My kids are in love with Eric Traplin. We have one CD called Bubbles and it's pretty much on every time the kids think to push "play" on the CD player. (And they put the CD back in if I've removed it for something I'd prefer to listen to--piano music or the Curious George soundtrack). It's pretty standard kids' music, always on at high volume, guitar, drums, piano, cheery upbeat simple tunes. Everyone's favourite is called "My Superhero," and it tells the story of a vaguely drawn superhero who has goodness in his heart, is brave and kind, and runs down the hallway saving the world before bedtime. I like that A, despite being a "sophisticated" second-grader who says "su-weet" all the time, dances around the living-room singing along with these truly sweet (innocent) songs.
But anyway, I wasn't planning on blogging about Eric Traplin. It just happens that F's turned it on and is dancing around the living-room singing along ... in fact, it's the superhero song.
Preparations. As I said in my previous post, our schedule feels relentless these days, with no time to stop and catch our collective breaths. Or say hello to each other (me and Kevin). And to add to this, we are preparing for a pilgrimage of sorts tomorrow night. Hallowe'en night. Last year, on Hallowe'en, Kevin's dad Jim died of cancer at around 6pm. The kids had just gotten dressed up for trick-or-treating when Kevin's mother called with the news (she'd called about an hour earlier asking Kevin to come home as soon as possible, which we were already preparing for). As soon as the news came that Jim had died, I looked at Kevin and said, "We're all going to go along with you." But first, Kevin took the kids trick-or-treating. We decided not to tell them until afterward. While they were out, I packed for the trip. By the time they were home with their loot, I'd made necessary phone calls and gotten organized. We explained to the kids what was happening, changed them into pajamas, and drove off into the night--about a five-hour journey. It was an oddly and unexpectedly wonderful trip for our whole family. It felt like an adventure, full of significance and mystery and emotion. We were sad and the two older children had questions about death and Grandpa Jim, but it felt positive, not scary. At the time, Kevin and I almost jokingly said we should make that trip every year, as a way of marking Jim's passing--making up our own unique and uniquely meaningful family tradition.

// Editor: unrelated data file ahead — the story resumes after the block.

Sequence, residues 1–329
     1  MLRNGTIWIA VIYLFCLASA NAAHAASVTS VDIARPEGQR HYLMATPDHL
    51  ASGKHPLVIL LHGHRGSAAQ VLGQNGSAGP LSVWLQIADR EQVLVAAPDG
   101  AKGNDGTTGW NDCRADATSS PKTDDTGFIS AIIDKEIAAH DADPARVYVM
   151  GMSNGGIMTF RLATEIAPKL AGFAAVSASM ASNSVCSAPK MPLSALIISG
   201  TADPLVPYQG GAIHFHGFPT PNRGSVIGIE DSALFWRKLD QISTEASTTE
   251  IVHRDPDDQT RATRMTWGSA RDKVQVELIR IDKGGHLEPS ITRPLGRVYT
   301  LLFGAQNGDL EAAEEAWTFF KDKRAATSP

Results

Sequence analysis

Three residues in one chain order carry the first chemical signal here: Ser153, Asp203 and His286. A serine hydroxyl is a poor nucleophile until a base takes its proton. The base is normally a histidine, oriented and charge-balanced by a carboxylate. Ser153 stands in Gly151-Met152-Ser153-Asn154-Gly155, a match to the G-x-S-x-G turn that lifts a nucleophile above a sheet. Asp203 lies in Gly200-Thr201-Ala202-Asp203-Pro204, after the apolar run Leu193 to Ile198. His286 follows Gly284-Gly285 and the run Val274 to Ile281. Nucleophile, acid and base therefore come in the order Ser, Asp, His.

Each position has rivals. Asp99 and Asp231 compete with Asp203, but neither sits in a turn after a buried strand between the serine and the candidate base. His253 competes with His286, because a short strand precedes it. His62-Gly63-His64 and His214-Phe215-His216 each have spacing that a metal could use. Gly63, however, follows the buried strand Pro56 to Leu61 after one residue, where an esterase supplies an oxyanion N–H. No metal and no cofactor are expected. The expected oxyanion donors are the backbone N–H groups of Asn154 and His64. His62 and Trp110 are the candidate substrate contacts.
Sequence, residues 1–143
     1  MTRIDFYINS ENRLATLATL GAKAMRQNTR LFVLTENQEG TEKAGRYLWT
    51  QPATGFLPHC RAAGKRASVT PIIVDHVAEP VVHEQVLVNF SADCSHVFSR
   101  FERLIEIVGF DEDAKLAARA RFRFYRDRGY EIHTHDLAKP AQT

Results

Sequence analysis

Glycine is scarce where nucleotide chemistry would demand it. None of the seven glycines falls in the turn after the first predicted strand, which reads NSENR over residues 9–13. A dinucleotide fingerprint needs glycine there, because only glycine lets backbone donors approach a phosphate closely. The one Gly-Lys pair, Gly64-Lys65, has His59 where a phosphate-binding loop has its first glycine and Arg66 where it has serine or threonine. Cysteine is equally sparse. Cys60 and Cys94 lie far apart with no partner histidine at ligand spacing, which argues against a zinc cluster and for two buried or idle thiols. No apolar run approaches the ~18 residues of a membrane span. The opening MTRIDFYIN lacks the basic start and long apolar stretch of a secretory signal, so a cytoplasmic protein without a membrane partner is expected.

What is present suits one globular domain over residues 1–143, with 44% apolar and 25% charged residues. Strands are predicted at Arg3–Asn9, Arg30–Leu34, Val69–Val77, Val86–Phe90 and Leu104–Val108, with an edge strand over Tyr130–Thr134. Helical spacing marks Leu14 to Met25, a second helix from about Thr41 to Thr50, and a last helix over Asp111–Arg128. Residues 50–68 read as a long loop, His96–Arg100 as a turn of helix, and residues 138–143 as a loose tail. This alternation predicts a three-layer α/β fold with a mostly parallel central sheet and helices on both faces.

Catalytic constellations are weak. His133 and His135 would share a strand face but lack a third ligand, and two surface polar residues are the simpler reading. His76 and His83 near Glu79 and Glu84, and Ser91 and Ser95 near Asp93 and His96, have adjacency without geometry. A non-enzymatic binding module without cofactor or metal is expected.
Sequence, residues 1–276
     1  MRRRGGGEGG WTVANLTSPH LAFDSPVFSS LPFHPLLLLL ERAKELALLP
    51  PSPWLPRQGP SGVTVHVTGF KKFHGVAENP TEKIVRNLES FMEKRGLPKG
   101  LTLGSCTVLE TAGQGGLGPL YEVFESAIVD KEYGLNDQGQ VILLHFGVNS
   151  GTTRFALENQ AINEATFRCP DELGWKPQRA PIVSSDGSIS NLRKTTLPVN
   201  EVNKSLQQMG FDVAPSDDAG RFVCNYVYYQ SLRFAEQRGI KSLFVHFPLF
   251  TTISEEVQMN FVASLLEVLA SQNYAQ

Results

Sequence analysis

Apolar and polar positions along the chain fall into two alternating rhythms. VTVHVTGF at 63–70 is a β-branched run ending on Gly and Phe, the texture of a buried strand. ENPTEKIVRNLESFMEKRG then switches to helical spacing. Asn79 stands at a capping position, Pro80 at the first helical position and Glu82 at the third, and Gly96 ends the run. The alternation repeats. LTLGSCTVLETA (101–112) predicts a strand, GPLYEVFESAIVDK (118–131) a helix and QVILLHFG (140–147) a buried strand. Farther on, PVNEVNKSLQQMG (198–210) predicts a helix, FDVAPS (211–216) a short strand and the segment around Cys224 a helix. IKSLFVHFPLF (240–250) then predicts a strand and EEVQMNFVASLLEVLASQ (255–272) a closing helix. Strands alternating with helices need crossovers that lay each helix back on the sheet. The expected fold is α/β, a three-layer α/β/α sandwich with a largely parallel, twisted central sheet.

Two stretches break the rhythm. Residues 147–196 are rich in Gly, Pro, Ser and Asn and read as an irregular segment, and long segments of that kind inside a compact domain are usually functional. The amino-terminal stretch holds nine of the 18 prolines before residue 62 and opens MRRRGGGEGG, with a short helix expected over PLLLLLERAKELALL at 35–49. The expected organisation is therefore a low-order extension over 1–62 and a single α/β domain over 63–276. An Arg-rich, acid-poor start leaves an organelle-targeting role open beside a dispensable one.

So we're going to try it out. I love the idea, but am feeling overwhelmed by the logistics. Not only is tomorrow Hallowe'en (that would be the point), but the kids also have swim lessons right after school, and Nina's very last buying club of the year (hopefully not forever!) is tomorrow night, and I couldn't resist ordering even though it was, frankly, madness to add that in to the packing and the trick-or-treating and the rest of it.
I found this week that I was having greater than usual difficulty organizing myself, and I started making all these lists. I have a list for every day with all the mundane details written out: meal menus, what veggies in the fridge need to be eaten, and all the weird little odds and ends that dance across my brain ever so briefly and if not immediately attended to slip just as quickly away, probably till some three o'clock in the morning moment when "order cheques" is pretty much an impossibility. The lists made me feel slightly more in control. I haven't put blogging or writing on any list, however. This week I ended up not having any writing day whatsoever. Kevin had a dentist appointment this morning, so I hosted playgroup instead. Then my babysitter cancelled on the afternoon too. Oh well.
Abruptly must end. Kids need their mama.